Adolf Hitler is returning to the Berlin theater where he watched "The Merry Widow" during World War II, but this time he'll be on stage, singing "Heil Myself," swinging his hips and fluttering his eyelashes in Germany's first production of Mel Brooks's celebrated musical comedy "The Producers."
Some reviewers are saying the city's historic Admiralspalast theater, which until recently had a Führer's Box specifically built for Hitler, is taking a risk by staging a play featuring tap-dancing stormtroopers singing "Watch out Europe we're going on tour" in the former capital of the Third Reich.
But the manager of the Admiralspalast, Falk Walter, says it was high time that Berlin staged "The Producers", which opened on Broadway in 2001 and has been performed in many cities around the world since then. It opens here on May 15.
"I've been trying to get 'The Producers' for ages. If there's any city in the world where it should be performed, it's Berlin," Walter told SPIEGEL ONLINE. "For one, this town was the root of all the evil. And it also happens to be the most tolerant and exciting city in Germany."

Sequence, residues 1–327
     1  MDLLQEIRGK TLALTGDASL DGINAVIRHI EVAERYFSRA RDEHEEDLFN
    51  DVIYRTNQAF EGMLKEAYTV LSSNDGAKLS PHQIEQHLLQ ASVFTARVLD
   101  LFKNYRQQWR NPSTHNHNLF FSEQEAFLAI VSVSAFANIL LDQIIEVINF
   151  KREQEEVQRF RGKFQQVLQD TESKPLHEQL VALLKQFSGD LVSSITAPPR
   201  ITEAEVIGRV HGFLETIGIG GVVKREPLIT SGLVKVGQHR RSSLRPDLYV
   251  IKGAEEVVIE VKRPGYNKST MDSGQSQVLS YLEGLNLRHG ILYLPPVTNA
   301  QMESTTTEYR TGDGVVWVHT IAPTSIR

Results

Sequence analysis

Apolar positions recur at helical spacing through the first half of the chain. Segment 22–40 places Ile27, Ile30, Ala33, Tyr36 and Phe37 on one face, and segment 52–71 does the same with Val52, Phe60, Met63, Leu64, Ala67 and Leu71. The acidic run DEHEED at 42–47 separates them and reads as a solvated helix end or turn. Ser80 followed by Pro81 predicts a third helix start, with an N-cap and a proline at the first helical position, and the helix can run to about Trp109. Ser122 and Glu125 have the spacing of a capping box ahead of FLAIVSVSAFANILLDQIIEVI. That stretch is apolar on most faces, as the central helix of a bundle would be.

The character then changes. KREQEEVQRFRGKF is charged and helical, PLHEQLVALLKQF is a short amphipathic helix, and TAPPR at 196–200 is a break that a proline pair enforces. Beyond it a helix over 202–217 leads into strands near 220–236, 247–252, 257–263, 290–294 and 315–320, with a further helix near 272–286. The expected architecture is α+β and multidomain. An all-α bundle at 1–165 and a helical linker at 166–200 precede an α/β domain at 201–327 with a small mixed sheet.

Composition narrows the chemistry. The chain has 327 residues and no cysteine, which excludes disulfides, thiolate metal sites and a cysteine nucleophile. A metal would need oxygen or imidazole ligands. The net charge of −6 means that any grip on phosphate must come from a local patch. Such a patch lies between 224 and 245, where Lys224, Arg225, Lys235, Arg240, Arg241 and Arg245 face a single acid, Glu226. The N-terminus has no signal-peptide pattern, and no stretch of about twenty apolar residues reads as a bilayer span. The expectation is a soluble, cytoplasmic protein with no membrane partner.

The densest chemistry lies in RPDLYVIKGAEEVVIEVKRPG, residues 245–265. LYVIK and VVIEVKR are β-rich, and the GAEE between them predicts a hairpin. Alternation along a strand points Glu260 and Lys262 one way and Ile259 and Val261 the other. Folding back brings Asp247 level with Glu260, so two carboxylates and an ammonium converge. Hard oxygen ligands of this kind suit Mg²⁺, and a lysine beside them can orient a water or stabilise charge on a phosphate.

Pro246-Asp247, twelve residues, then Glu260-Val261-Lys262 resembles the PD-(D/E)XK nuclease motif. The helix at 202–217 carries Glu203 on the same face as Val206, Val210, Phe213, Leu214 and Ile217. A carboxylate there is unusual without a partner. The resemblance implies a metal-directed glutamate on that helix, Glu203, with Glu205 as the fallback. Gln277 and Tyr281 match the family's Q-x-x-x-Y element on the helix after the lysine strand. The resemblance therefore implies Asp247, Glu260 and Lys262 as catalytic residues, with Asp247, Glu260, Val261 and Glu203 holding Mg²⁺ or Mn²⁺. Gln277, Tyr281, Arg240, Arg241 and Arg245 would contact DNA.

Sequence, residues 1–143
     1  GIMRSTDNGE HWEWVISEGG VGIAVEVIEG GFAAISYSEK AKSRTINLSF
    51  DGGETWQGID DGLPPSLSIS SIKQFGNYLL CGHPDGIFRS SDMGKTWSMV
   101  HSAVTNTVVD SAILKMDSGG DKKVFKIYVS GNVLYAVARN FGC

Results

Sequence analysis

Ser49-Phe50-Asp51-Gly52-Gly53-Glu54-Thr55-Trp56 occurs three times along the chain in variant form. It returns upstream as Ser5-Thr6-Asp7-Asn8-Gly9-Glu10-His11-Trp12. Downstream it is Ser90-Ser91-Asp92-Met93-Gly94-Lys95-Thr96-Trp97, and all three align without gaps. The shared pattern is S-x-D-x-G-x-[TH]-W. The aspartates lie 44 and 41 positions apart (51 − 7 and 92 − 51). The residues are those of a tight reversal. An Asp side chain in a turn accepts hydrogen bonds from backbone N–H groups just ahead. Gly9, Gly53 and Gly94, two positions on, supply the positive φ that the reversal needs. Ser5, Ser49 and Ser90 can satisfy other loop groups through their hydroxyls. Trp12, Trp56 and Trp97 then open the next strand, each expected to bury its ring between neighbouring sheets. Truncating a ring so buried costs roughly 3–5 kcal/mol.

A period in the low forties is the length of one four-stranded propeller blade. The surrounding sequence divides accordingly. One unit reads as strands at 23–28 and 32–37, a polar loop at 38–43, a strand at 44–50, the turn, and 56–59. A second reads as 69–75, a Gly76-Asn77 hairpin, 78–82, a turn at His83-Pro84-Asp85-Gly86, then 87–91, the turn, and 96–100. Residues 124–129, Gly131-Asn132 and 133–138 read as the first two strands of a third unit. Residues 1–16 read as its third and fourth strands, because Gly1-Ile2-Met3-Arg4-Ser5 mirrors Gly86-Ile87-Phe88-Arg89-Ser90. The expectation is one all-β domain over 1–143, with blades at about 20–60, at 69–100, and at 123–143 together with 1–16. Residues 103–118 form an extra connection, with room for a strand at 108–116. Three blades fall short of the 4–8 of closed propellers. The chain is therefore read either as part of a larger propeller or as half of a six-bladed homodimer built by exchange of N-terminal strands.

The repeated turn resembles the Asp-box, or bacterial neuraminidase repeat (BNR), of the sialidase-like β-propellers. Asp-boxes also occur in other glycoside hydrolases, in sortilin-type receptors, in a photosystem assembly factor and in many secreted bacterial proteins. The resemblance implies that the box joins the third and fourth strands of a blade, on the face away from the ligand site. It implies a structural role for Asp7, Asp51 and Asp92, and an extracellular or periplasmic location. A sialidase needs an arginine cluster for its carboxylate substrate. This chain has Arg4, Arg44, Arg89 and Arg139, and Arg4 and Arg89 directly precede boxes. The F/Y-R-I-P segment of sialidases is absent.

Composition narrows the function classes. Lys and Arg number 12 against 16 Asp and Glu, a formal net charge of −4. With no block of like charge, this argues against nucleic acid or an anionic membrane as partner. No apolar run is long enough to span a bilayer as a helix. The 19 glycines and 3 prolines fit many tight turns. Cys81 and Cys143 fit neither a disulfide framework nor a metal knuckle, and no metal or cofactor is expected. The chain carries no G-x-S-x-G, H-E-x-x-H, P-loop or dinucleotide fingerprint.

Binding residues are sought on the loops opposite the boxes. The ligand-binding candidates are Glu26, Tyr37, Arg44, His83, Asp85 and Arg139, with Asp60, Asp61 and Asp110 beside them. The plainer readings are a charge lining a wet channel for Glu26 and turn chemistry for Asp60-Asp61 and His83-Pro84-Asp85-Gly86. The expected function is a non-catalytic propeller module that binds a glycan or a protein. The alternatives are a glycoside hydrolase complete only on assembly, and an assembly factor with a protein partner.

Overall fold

The musical, based on a 1968 feature film written and directed by Brooks, is about a Broadway producer and his accountant who decide that they can earn more money by staging a flop than a hit. So they put on the worst, most inappropriate show they can find: "Springtime for Hitler," written by a Nazi pigeon-fancier who has taught his birds to lift their wings in the Hitler salute.
Disappointingly for them, the singing and dancing Führer turns out to be so comic that audiences applaud the show as a satirical masterpiece and it becomes a hit, so the heroes go to jail for tax fraud. Mel Brooks's award-winning 2001 Broadway musical spawned a remake of the movie in 2005.
Too Soon to Laugh About Hitler?
Walter is confident the musical won't flop in Berlin, even though some critics are wondering whether it should be staged here. "Should one be allowed to laugh about Hitler?" wrote Berliner Morgenpost, a local Berlin daily. Berliner Zeitung, another Berlin paper, wrote, "it remains risky to put this satire about Hitler on the stage in the former Reich capital -- even if it has been successful around the world and Jewish people in Tel Aviv laughed about it."
It remains to be seen how Berlin audiences will respond to the sight of statuesque blonde maidens wearing oversized pretzels and sausages on their heads as the lead tenor stormtrooper sings "Look out, here comes the master race!"
No German theater dared touch the musical until an Austrian company obtained the German-language rights and put it on at the Ronacher theatre in Vienna in 2008. Its success was modest, with performances only 70 percent booked out. The Vienna production, originally planned to run for one year, was stopped in February after 10 months and is now moving with its Austrian cast to the Admiralspalast.